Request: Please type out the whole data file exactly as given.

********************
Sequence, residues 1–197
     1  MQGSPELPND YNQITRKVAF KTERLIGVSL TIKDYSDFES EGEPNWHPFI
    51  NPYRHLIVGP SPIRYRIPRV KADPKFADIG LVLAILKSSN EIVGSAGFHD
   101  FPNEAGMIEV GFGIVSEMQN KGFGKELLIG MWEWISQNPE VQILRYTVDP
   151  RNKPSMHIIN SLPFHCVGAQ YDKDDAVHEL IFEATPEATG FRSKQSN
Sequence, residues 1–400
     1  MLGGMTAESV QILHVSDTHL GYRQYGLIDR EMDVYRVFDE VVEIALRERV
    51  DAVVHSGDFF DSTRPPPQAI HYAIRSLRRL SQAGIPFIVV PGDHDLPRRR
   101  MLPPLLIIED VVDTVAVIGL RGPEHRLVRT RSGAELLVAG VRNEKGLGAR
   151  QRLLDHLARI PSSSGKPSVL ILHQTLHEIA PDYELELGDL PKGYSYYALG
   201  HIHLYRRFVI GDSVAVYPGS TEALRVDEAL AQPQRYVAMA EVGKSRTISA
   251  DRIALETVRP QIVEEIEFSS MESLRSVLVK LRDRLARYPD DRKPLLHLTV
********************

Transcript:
Sequence, residues 1–197
     1  MQGSPELPND YNQITRKVAF KTERLIGVSL TIKDYSDFES EGEPNWHPFI
    51  NPYRHLIVGP SPIRYRIPRV KADPKFADIG LVLAILKSSN EIVGSAGFHD
   101  FPNEAGMIEV GFGIVSEMQN KGFGKELLIG MWEWISQNPE VQILRYTVDP
   151  RNKPSMHIIN SLPFHCVGAQ YDKDDAVHEL IFEATPEATG FRSKQSN
Sequence, residues 1–400
     1  MLGGMTAESV QILHVSDTHL GYRQYGLIDR EMDVYRVFDE VVEIALRERV
    51  DAVVHSGDFF DSTRPPPQAI HYAIRSLRRL SQAGIPFIVV PGDHDLPRRR
   101  MLPPLLIIED VVDTVAVIGL RGPEHRLVRT RSGAELLVAG VRNEKGLGAR
   151  QRLLDHLARI PSSSGKPSVL ILHQTLHEIA PDYELELGDL PKGYSYYALG
   201  HIHLYRRFVI GDSVAVYPGS TEALRVDEAL AQPQRYVAMA EVGKSRTISA
   251  DRIALETVRP QIVEEIEFSS MESLRSVLVK LRDRLARYPD DRKPLLHLTV